The trial court, in its Memorandum Opinion, first addressed the defendant-appellees' demurrers and concluded that Neal alleged sufficient facts to state a cause of action against both the Union and the employer. The demurrers, therefore, were overruled and no question is raised on appeal concerning them. However, the court went on to decide Edison's motion for summary judgment which was granted as to both Edison and the Union. As to the employer, the court ruled that the Union properly exercised its discretion in not referring Neal's grievance to arbitration. It was unnecessary, the court concluded, to reach the issue of Edison's discharge of Neal under the rule set forth in Vaca v. Sipes, 386 U.S. 171, 87 S. Ct. 903, 17 L. Ed. 2d 842 (1967), infra, which held that a wrongfully discharged employee may bring an action against his employer only if he can establish that the Union breached its duty of fair representation.

On appeal, Neal contends that the lower court erred in granting summary judgment and that there was ample evidence from which a jury could have decided that Edison wrongfully discharged him. We agree with the appellant that the court erred in granting summary judgment for the appellees.

II

The parties are in agreement as to the principles of law herein applicable. We begin, therefore, with the rule that before a wrongfully discharged employee may bring an action against his employer, he must first establish that the Union breached its duty to him of fair representation. Vaca v. Sipes, 386 U.S. 171, 87 S. Ct. 903, 17 L. Ed. 2d 842 (1967). *358 This breach is established by showing that the Union processed the employee's grievance in a manner which was arbitrary, discriminatory or in bad faith. Id. 386 U.S. at 190, 87 S. Ct. at 916, 17 L. Ed. 2d at 857. In Griffin v. International Union of United Auto Workers, 469 F.2d 181, 183 (4th Cir.1972), the Court delineated this three-pronged standard:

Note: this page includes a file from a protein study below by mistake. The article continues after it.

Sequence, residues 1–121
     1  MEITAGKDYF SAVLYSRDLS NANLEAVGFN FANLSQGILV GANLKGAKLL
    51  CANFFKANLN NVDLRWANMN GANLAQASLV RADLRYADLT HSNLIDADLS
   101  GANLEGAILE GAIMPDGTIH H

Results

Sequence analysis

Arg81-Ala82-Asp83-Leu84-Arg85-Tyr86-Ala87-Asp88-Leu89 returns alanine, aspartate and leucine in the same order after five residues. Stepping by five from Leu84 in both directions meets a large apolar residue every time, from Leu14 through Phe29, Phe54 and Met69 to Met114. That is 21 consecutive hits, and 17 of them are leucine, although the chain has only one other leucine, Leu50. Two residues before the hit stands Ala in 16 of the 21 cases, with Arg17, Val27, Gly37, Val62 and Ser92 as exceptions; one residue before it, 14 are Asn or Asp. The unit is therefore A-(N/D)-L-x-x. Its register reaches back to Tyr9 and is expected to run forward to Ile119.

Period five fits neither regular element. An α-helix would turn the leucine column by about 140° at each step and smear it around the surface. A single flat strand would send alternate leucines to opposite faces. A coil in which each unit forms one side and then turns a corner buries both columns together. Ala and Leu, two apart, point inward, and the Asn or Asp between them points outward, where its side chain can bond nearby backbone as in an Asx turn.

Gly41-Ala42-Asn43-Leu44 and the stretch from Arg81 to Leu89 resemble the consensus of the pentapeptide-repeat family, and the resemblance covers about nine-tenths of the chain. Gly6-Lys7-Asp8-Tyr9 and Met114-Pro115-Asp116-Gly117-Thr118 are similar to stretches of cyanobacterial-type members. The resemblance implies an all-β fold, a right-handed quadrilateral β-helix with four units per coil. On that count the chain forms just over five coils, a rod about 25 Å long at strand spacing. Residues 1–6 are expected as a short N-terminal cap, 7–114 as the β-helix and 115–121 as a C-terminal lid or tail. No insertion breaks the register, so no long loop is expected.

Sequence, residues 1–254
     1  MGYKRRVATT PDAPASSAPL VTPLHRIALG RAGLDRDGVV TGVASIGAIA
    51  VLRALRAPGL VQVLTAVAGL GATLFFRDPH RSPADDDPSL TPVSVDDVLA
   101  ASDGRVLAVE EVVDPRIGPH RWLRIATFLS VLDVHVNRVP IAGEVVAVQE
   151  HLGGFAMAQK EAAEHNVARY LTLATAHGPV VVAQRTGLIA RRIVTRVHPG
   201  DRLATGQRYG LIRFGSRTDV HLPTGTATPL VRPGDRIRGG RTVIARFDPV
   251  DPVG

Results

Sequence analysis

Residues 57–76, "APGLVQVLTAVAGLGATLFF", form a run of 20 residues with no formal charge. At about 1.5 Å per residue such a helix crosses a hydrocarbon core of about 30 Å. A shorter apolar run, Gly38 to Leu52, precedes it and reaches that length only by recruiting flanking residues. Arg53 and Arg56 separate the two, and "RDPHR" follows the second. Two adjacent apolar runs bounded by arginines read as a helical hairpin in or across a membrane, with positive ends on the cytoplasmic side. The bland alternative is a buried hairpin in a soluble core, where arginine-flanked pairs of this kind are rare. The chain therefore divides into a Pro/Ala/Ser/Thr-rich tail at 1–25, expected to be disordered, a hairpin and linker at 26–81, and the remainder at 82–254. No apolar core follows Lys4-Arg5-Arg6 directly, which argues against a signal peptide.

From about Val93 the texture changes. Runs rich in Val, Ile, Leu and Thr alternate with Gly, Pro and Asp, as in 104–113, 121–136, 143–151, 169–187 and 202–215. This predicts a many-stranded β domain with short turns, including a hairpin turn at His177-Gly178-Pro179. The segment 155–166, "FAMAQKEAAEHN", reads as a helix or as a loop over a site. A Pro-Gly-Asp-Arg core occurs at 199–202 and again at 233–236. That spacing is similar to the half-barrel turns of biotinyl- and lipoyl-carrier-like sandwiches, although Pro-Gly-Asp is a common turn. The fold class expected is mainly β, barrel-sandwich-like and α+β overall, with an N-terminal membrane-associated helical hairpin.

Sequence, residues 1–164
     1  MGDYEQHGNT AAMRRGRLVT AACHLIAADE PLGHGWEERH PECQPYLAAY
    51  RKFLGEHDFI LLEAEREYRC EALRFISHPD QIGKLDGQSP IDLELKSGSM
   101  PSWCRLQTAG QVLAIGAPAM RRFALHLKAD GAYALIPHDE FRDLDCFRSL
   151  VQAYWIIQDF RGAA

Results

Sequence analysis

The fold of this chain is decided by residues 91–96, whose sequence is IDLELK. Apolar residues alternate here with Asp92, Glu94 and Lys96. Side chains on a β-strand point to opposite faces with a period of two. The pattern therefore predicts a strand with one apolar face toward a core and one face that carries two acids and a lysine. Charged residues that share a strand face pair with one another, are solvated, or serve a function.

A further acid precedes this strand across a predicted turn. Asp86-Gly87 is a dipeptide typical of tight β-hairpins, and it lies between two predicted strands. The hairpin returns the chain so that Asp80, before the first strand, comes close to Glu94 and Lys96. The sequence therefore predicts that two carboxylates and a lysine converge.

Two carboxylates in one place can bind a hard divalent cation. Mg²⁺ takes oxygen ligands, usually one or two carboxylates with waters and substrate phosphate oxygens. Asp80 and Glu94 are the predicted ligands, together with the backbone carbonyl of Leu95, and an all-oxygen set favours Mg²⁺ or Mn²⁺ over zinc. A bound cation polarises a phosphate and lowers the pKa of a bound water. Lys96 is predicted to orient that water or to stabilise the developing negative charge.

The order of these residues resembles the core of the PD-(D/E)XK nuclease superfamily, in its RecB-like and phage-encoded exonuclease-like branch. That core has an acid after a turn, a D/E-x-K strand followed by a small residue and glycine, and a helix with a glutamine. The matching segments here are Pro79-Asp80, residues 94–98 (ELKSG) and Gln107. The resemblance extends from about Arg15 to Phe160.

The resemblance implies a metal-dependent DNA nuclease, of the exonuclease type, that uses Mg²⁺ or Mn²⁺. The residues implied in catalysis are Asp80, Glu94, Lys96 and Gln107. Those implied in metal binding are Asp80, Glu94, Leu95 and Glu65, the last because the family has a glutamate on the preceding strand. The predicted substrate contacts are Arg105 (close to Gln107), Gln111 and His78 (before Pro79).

"A union must conform its behavior to each of these three separate standards. First, it must treat all factions and segments of its membership without hostility or discrimination. Next, the broad discretion of the union in asserting the rights of its individual members must be exercised in complete good faith and honesty. Finally, the union must avoid arbitrary conduct. Each of these requirements represents a distinct and separate obligation, the breach of which may constitute the basis for civil action."

In Griffin, supra, Judge Sobeloff went on to explain the holding of Vaca:

"That case [Vaca v. Sipes] declared that a union is accorded considerable discretion in the handling and settling of grievances. The individual employee has no absolute right to insist that his grievance be pressed through any particular stage of the contractual grievance procedure. A union may screen grievances and press only those that it concludes will justify the expense and time involved in terms of benefiting the membership at large. Encina v. Tony Lama Boot Co., 448 F.2d 1264 (5 Cir.1971). In the Vaca decision itself, the Court held that a union did not necessarily breach its duty of fair representation when it refused to take a member's grievance to arbitration." (Emphasis added.)